Cancer of the large intestine is far more common than cancer of the small intestine, because transit time is progressively slowed by fluid re absorption to form a semi solid stool, thus increasing contact exposure to fecal carcinogens.
Cancer of the large intestine is also much more common in the Western world than in less sophisticated communities. There is circumstantial evidence that the lack of fiber roughage is sophisticated diets id responsible for this difference.
A high proportion of indigestible cellulose fiber is through to lead to healthy bowel evacuation, removal of this roughage by moder food processing technology result in small stools, chronic constipation, and prolonged exposure of the colorectal mucosa to fecal carcinogens.
These have been identified in part as nitrosamines, produced from ingested nitrate and bacterial action in a constipated large bowel, and it has been established that their formation can be blocked by an adequate intake of vitamin C acts as a laxative, and thus decreases the time of exposure of the colon and rectum to the action of the fecal carcinogens.
There are some other predisposing factors in colorectal cancer. Patients with familiar colonic polyposis almost invariably develop colonic cancer at some time in their adult life. Patients with uncontrolled ulcerative colitis for 10 or more years very frequently succumb to colonic cancer, and because of the very long duration of bowel symptoms the transition to malignancy is usually almost impossible to perceive.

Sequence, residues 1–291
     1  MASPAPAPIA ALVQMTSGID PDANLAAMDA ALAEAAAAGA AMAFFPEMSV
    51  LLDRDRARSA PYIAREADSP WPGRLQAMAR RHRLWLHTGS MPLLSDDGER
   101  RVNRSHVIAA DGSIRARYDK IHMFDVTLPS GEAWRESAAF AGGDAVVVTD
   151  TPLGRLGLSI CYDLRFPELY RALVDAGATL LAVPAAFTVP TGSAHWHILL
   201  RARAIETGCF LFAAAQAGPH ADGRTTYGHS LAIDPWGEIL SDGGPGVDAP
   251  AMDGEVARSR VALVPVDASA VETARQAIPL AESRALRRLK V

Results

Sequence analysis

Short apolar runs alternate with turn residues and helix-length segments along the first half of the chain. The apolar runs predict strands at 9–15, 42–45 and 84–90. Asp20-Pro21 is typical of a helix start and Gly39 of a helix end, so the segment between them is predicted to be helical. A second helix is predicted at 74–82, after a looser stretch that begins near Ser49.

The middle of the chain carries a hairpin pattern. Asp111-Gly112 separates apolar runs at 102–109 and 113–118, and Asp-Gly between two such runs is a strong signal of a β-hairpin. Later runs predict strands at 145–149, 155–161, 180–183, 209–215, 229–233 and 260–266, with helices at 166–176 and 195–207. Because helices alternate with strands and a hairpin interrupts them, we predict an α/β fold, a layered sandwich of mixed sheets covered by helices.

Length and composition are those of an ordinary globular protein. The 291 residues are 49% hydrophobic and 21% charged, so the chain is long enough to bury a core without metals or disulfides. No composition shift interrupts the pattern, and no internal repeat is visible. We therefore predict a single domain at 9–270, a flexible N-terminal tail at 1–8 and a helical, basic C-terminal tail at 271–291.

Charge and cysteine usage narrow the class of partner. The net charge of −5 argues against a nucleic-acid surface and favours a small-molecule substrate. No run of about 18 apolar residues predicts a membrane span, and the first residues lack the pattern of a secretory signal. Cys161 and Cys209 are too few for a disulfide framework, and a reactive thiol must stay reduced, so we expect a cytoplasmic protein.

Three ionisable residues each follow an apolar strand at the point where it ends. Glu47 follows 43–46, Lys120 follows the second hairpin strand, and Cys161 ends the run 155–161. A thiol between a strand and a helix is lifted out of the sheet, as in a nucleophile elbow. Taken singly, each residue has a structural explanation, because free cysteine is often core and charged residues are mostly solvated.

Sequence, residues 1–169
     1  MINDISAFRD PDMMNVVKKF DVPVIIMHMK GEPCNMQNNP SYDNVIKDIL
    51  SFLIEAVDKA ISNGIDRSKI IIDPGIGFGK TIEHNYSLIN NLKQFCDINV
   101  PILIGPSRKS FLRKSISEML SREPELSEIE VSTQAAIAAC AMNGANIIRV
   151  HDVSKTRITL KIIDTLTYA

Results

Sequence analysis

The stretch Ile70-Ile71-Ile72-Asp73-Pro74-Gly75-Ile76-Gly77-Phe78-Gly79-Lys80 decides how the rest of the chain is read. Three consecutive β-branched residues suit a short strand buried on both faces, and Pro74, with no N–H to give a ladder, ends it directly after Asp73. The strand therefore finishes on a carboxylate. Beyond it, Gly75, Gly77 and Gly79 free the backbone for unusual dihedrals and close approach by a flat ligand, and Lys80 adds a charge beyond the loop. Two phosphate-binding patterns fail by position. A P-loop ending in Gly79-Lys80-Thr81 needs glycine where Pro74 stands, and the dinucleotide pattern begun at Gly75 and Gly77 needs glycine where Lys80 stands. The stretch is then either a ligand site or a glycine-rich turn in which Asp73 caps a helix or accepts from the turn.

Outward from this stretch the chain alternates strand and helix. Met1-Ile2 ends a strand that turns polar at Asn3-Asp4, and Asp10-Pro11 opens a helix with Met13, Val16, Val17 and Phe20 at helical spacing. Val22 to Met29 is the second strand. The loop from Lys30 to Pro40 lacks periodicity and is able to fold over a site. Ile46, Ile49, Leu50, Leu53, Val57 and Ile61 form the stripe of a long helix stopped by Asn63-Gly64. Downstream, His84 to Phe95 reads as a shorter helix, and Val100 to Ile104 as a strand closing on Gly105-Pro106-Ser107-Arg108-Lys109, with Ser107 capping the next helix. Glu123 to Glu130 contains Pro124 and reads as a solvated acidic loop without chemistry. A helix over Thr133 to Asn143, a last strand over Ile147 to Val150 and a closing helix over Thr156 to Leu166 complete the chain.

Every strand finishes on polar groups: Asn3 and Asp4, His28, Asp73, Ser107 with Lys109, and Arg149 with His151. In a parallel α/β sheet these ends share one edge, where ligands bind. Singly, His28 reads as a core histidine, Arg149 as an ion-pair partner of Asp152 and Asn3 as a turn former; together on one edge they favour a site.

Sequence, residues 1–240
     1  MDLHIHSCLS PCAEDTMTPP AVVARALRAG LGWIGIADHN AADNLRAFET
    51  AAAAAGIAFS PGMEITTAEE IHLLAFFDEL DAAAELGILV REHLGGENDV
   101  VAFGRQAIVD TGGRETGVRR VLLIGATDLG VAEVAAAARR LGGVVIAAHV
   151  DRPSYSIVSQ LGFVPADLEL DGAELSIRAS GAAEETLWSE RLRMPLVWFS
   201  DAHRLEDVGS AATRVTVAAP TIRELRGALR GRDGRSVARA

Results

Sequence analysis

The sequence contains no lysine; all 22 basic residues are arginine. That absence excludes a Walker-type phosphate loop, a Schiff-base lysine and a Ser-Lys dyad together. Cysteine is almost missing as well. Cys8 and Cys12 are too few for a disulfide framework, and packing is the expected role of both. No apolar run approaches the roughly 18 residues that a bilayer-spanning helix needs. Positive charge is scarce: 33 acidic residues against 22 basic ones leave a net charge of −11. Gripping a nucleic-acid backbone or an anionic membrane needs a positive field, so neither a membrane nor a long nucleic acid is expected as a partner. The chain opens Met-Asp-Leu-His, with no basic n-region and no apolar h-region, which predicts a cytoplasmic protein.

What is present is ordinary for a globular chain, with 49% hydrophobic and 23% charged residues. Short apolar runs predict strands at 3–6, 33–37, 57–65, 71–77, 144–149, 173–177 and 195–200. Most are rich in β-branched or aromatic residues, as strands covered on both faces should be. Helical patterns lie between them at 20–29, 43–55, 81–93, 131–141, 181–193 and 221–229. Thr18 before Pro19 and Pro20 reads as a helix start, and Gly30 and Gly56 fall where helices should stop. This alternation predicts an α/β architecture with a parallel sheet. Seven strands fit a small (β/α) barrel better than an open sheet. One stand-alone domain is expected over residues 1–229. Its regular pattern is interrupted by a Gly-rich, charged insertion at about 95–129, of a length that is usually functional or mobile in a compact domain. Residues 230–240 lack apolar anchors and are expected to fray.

Vitamin C ingestion has been shown to induce regression in colonic polyposis, and it is reasonable to assume that it would also afford some protection in ulcerative colitis, although we are not aware of any specific studies in the atter area. The symptoms of large bowel cancer depend upon whether the tumor is in the right colon, the left colon, or rectum.
In the right colon the bowel caliber is relatively large and the bowel contents are fairly fluid, and therefore obstructive symptoms rarely occur. The usual symptoms of a cancer of the right colon are rather vague blend of anemia from blood loss from the tumor, weight loss from the systemic toxemia of an ulcerated tumor constantly bathed in liquid feces, and often very little else.
The treatment is by wedge resection, the extend of the resection being governed by the blood supply and associated lymph node drainage at different sites.
Because tumors of the right colon tend to present themselves insidiously and tumors of the left colon more dramatically, by the time the diagnosis is reached liver metastases tend to be more common in the former group, with a correspondingly poorer overall prognosis.
Radiotherapy is quite useless in colonic cancer, because to irradiate such an intro abdominal target would result in unacceptable damage to the normal tissues. At the present time chemotherapy is widely used in inoperable situations, and although some useful retardation of tumor growth may sometimes be achieved the response is highly unpredictable and the side effects are so disagreeable as to make the value of the treatment doubtful.